"This joint was chosen as the first pairing of the night because it will help loosen you up after working all day. This strain is CBD-dominant, so you won't get too high right away, and its flavour will also complement the appetisers being passed around."
A server tells me this as she approaches and offers a serving tray stacked with joints, just as she came around earlier offering sticky grilled shrimp skewers glazed with passion fruit.
Two weeks before California votes on Proposition 64—a measure that would make it the fifth state to allow recreational use of weed in the US—more than 130 people have gathered in an undisclosed private event space in West Los Angeles to enjoy an evening of food, local wine, and cannabis. This is all in celebration of cannabis company Flow Kana finally distributing its sustainable, organic, sun-grown craft weed from Mendocino to LA. It's also the first time that I have been invited to a weed-paired dinner in this city.
I take a huge bite of a fried Flamin' Hot Cheeto-crusted kimchi rice ball cooked by chef Chris Oh and then proceed to light the tightly wrapped jay and puff away. The server was right: The tobacco-like peppery clouds of this unique strain grown in Mendocino County—called "Balanced in the Pines"—went well with the unabashed layer of crunchy, cheesy chile powder around the spicy ball.
I cleanse my palate with some chenin blanc by Habit Wine Company before tasting a raw scallop doused in yuzu juice, vadouvan curry, almonds, and cilantro, prepared by chef Steven Fretz. I take another fat puff as the scallop's tender texture and perfume-like citrus punch becomes a lot more noticeable, the 7.2-percent THC starting to slowly creep in and affect my palate. As I turn around, thick clouds are emanating into the clear night sky from the entire patio and everyone is being exceptionally talkative and joyous, to say the least.
These chefs are anticipating the mainstreaming of food and weed as a cultural phenomenon that will surely follow if the measure passes in November.
The three-course family-style menu by both chefs was inspired by "stoner cuisine," says Oh, who admits to smoking a lot in his younger years. Thus the Cheeto dust on his rice balls and the fried Spanish onions on top of the thick slices of tuna tataki and compressed heirloom apples and celery by Fretz. "Name me one chef who doesn't love to smoke some marijuana," Fretz says very matter-of-factly.
When I ask Fretz for the inspiration behind his contributions to the menu, which includes a dessert of brioche doughnuts with a brown butter icing, he responds: "Brown butter has a petrol-y flavour and nasal profile, just like the terpenes in the Blue Dream that was paired with it." He was told that the first joint of the night was tropical and fruity, thus the passionfruit in his shrimp skewer and yuzu in his scallop appetiser.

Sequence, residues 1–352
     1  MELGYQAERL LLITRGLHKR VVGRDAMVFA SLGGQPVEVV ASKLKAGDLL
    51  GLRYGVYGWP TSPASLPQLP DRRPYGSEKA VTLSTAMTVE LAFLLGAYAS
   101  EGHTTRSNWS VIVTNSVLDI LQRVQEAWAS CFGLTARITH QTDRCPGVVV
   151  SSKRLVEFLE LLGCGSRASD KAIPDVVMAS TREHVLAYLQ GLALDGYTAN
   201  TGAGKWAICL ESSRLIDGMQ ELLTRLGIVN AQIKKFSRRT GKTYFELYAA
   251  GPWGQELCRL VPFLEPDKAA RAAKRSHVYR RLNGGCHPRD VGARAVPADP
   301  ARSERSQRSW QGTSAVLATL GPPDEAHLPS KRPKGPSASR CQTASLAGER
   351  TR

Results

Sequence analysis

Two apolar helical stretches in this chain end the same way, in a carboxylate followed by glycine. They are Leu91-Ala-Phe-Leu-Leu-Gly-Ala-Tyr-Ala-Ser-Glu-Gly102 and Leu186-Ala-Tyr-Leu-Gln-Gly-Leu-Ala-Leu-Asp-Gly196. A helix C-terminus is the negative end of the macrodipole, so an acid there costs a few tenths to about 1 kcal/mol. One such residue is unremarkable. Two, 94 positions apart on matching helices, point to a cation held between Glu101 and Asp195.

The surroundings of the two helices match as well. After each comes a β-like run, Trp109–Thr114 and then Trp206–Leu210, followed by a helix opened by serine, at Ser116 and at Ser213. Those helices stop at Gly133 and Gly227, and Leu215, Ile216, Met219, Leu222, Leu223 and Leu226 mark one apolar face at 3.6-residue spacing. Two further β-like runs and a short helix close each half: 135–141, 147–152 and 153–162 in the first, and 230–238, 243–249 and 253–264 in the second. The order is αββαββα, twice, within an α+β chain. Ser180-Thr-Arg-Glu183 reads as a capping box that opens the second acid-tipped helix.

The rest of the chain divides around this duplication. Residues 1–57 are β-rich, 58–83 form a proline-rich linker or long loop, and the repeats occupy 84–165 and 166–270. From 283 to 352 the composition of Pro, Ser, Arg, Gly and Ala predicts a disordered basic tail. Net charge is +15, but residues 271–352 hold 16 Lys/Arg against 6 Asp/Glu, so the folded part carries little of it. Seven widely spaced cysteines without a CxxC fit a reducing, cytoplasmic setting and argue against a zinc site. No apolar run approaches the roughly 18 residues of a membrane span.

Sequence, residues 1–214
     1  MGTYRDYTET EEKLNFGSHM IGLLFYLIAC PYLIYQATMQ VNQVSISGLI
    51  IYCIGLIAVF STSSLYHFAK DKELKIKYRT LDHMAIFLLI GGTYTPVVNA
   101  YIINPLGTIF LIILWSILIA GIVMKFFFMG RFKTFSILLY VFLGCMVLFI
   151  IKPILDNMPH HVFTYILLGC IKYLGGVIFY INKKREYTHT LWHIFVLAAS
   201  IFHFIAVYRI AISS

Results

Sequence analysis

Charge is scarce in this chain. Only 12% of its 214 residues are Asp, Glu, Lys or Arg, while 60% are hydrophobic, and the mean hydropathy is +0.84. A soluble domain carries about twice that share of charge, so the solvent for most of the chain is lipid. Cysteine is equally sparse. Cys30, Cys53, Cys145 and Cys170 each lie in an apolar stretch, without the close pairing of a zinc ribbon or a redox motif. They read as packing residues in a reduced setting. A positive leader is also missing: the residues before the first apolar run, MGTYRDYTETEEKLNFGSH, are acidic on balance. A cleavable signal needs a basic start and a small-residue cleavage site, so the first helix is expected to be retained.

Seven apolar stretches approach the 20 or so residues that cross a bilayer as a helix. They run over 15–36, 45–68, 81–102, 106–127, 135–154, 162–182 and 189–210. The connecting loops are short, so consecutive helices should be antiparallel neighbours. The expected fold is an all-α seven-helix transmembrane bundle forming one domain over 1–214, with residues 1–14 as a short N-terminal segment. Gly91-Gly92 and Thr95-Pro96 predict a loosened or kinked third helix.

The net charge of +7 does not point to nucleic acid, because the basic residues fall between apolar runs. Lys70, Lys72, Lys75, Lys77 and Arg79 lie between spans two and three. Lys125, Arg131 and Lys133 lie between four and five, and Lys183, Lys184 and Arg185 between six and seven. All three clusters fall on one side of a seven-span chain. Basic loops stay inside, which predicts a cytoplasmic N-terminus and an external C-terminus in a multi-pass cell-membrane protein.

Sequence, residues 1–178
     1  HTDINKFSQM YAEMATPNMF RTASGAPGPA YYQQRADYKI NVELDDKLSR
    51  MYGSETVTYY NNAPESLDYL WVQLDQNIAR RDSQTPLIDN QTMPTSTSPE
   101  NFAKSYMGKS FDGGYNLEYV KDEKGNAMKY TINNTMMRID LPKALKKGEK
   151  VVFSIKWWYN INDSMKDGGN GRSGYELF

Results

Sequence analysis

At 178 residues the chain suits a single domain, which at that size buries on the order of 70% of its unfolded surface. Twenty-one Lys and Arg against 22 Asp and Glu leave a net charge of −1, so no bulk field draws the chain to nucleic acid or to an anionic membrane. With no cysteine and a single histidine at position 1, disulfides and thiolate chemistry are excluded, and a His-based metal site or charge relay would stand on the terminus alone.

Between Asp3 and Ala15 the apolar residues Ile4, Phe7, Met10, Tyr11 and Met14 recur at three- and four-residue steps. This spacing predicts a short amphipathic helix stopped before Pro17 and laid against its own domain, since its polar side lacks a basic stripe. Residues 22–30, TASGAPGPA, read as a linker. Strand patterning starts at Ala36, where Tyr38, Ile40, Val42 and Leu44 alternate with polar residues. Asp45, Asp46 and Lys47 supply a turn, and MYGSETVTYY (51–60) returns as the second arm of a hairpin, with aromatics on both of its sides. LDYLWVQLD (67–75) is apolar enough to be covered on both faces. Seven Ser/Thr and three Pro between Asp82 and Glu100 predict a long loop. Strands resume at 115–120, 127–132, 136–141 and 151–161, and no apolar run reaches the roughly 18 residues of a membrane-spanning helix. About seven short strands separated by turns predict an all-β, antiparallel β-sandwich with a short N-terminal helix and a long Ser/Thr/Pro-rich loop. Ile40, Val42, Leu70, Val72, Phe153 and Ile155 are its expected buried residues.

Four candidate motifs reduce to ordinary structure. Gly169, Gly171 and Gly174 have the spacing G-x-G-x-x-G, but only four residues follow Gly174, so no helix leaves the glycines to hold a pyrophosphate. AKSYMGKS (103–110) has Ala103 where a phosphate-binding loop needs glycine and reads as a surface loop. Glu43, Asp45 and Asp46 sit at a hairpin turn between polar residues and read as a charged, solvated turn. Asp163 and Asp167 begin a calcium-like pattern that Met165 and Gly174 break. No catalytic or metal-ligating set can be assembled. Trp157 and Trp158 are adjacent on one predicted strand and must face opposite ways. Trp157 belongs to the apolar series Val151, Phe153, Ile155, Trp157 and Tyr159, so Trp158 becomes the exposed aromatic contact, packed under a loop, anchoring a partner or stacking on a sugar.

By participating in a weed-based dinner party of this size, Fretz and Oh—along with Oh's business partner Stephane Bombet of Bombet Hospitality Group, who was also present in the dinner—are ahead of the weed curve, anticipating the mainstreaming of a cultural phenomenon that will surely follow if the measure passes in November.
Because of the current legal status of cannabis in California, all of the invitees to this dinner had to prove that they had been prescribed medical marijuana. Nonetheless, neither Fretz nor Oh thought twice about negative connotations with cannabis. "Being associated with weed as a professional is not a stigma for me in any way, shape, or form," Fretz says.
"If you still have a problem with weed in 2016, you need to go bury yourself in a fucking hole. Let's be real. Cannabis and chefs go hand in hand," he adds. "Any chef who is afraid of getting involved with cannabis is too involved in themselves."
Fischer's wine and weed pairing advice is: kush with cabernets, and any old-school strong strains like Maui Wowie with high-acid white wines.
The dinner marks the first time that winemaker Jeff Fischer had been asked to pair some of his wines with weed. As a proponent of medical marijuana, he was ecstatic about the challenge. "Honestly, dude, weed just makes wine tastes better. Just like wine, weed has a lot of characteristics that you use the same senses for when you enjoy wine," he tells me the following day.
"I think people who choose to buy wine from quality, local, small-farm people like me instead of giant, corporate wineries will also appreciate small-farm weed like the stuff being passed around the evening."
Fischer's wine and weed pairing advice is: kush with cabernets, and any old-school strong strains like Maui Wowie with high-acid white wines. In a nutshell, the heavier the weed, the heavier the wine. He believes that we are in the very early stages of weed and wine pairing, and he encourages people to just experiment.
The night ends with applause when Oh brings out piles of his jaggedly crispy, sweet gochujang-lacquered Korean fried chicken. However, before we can all dig in, Flow-Kana CEO Mikey Steinmetz instructs all of us on how to properly taste the last strain's terpenes—an indica-dominant Lemonhead OG with 25.3 percent THC. It involves great patience and taking dry puffs of your joint before you light it up to taste the herbaceous qualities first.
I ask Steinmetz why he chose a dinner party format to launch his company's dank-ass weed in LA.
"Remember, weed also acts as a social lubricant for social experiences," he says. "Why not pair cannabis with your food if it builds appetite and increases flavour? It's time to make weed pairings as normal as wine pairings and bridge these two awesome worlds together."